Dec 22, 2009

Judging A Book By Its Cover: Anthony Horowitz's Stormbreaker Limited Edition

While Charlie Higson's Young Bond novels are highly collectible thanks to the obvious, built-in audience of James Bond collectors, Anthony Horowitz's Alex Rider books have sparked less of a collector's market.  That's certainly not to say that they aren't collectable, just that they inspire less of a mania than a nearly six-decade-old franchise like 007.  Like the Young Bond books, the early books in the Alex Rider series were first published only in paperback in their country of origin, and pristine copies of these first editions are rare and fetch a decent amount on Ebay.  As with any series, the first book, Stormbreaker, is the most sought after, and the most collectible editions (judging by the exorbitant prices on seem to be the American hardcover first edition (which was the only hardcover first, and had a small print run) and a slipcased, limited edition hardcover put out in 2005 by Walker Books in the UK.  While the first four Young Bonds have all been published in similar slipcased editions, to date Stormbreaker is (sadly) the only Alex Rider novel to receive this deluxe treatment.  There's very little information about this edition available on the web, so it seems like a good candidate for my occasional series, "Judging a Book By its Cover," in which I do exactly what the age-old adage cautions against and evaluate books based on their physical characteristics alone.

Starting on the outside, the slipcase itself is kind of ugly.  It's a flimsier cardboard than the Young Bond limited edition slipcases, and the lime green text across the front declaring ">> LIMITED EDITION >> STORMBREAKER << LIMITED EDITION" in a digital font (designed to look like the readout on a computer screen) isn't pretty.  The silver embossed Stormbreaker logo, however, with a lightning bolt through a globe, is cool.  The red bottom of the case is marred by a giant barcode, the original £20 price mark, and the assertion that "This special limited edition has been signed and numbered by the author."  Personally, I prefer it when barcodes and prices for limited editions come on a removable sticker outside the shrinkwrap rather than printed on the slipcase.  This edition was originally sold with an ugly cardboard band that wrapped around the book further emphasizing the fact that it was a limited edition.  While the collector in me couldn't reconcile throwing it away, I did remove the band for reasons or aesthetics and convenience of accessability.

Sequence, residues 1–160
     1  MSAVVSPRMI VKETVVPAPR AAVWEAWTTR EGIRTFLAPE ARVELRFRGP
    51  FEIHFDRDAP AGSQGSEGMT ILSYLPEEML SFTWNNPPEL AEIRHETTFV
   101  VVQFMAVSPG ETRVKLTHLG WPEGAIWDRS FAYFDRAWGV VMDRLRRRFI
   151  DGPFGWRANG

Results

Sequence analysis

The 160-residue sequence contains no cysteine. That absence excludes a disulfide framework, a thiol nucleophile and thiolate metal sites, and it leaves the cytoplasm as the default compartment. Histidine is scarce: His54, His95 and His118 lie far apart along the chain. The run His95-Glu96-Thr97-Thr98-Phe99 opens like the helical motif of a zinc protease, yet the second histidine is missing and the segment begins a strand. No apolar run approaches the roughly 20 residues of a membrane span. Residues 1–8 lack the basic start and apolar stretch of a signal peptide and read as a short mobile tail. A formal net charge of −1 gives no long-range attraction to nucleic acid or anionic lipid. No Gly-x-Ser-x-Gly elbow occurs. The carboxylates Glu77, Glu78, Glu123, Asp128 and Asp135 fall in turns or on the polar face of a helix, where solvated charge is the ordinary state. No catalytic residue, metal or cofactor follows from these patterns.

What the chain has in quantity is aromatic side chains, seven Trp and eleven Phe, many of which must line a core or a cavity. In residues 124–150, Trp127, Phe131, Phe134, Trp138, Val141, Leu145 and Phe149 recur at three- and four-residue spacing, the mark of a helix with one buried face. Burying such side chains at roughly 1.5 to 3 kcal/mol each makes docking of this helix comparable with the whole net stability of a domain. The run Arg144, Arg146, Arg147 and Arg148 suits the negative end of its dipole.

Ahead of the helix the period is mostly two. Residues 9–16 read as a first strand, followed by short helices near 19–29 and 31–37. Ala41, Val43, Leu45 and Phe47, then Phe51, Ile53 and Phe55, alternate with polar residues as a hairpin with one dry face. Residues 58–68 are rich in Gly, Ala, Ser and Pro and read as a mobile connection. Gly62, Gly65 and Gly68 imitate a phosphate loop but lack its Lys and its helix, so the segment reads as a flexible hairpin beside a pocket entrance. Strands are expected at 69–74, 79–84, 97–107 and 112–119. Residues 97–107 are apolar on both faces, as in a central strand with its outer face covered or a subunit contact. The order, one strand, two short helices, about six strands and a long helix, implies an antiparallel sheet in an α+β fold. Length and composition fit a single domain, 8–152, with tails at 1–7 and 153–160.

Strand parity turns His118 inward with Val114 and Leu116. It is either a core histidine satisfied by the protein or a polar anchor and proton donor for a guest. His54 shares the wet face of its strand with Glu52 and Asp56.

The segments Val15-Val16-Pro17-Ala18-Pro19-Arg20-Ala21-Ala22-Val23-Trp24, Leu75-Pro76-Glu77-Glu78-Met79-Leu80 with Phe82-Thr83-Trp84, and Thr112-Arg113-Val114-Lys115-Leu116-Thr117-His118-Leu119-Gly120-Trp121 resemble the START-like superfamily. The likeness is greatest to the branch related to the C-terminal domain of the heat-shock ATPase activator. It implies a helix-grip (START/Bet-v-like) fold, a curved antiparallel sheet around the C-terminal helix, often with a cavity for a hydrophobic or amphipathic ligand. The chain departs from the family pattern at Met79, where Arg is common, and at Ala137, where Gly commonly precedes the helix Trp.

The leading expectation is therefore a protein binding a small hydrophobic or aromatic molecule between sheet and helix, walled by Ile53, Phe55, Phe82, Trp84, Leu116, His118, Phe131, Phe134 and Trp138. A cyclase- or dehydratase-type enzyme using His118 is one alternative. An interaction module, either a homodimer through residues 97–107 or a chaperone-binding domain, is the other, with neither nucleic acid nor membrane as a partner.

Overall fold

Inside the slipcase is a different story.  The book itself is very handsome indeed, with black boards and black endpapers.  There is no dust jacket.  The embossed silver logo appears again on the front cover and on the spine.  It and the letters in the author's name are presented in a subtler "digital" font that can really only be discerened by close scrutiny.  It works much better than the text on the slipcase.  The size of the book, the texture of the boards, the gilt embossment and the letters in Horowitz's name on the spine distinctly remind me of the Jonathan Cape Ian Fleming first editions.  The lettering isn't the same, mind you; it just reminds me of that.  And that's a good thing.  It's a nice looking book.  Unfortunately, it's bound with glue (the prevalent British preference of the moment, also afflicting the Young Bond limited editions) rather than sewn, but oh well.  That's hardly detremental. 

The copyright page reads "First published 2000 by Walker Books Ltd," then adds "This special limited edition published 2005."  The signature page is the first one after the endpaper, coming before the title page or copyright information.  The edition is limited to 750, and signed by Anthony Horowitz in blue ink. 

The book fits snugly into the slipcase, but not so snug that it becomes a challenge to remove it, an annoying factor affecting some of the Young Bond limited editions.

All in all, the Stormbreaker Limited Edition is a very handsome volume packed in a slightly less handsome slipcase.  A crucial cornerstone of the series, it's certainly worth seeking out for Alex Rider and spy fiction collectors.  And as Alex Rider is one of the most influential spy series currently being published, it will only appreciate in value. I wish there were more Alex Rider limited editions.

1 comment:

Paul Bishop said...

Cool post. I'm digging the Alex Rider stuff.

I just finished the second Young Bond book, Blood Fever. It was very good, but I did get tired of James never being able to rescue himself -- whenever he was in danger the resolution was never through Bond's ingenuity, it was always solved by someone or something turning up at the very last second.